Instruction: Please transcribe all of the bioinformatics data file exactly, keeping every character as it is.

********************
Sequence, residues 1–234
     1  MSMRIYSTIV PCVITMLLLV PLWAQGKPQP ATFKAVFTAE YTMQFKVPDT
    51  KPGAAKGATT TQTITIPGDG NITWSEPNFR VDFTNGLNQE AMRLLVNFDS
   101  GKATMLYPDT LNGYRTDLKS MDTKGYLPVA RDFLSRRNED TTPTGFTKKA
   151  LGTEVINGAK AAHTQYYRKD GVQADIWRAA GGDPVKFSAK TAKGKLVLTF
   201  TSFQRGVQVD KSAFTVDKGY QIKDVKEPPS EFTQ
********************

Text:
Sequence, residues 1–234
     1  MSMRIYSTIV PCVITMLLLV PLWAQGKPQP ATFKAVFTAE YTMQFKVPDT
    51  KPGAAKGATT TQTITIPGDG NITWSEPNFR VDFTNGLNQE AMRLLVNFDS
   101  GKATMLYPDT LNGYRTDLKS MDTKGYLPVA RDFLSRRNED TTPTGFTKKA
   151  LGTEVINGAK AAHTQYYRKD GVQADIWRAA GGDPVKFSAK TAKGKLVLTF
   201  TSFQRGVQVD KSAFTVDKGY QIKDVKEPPS EFTQ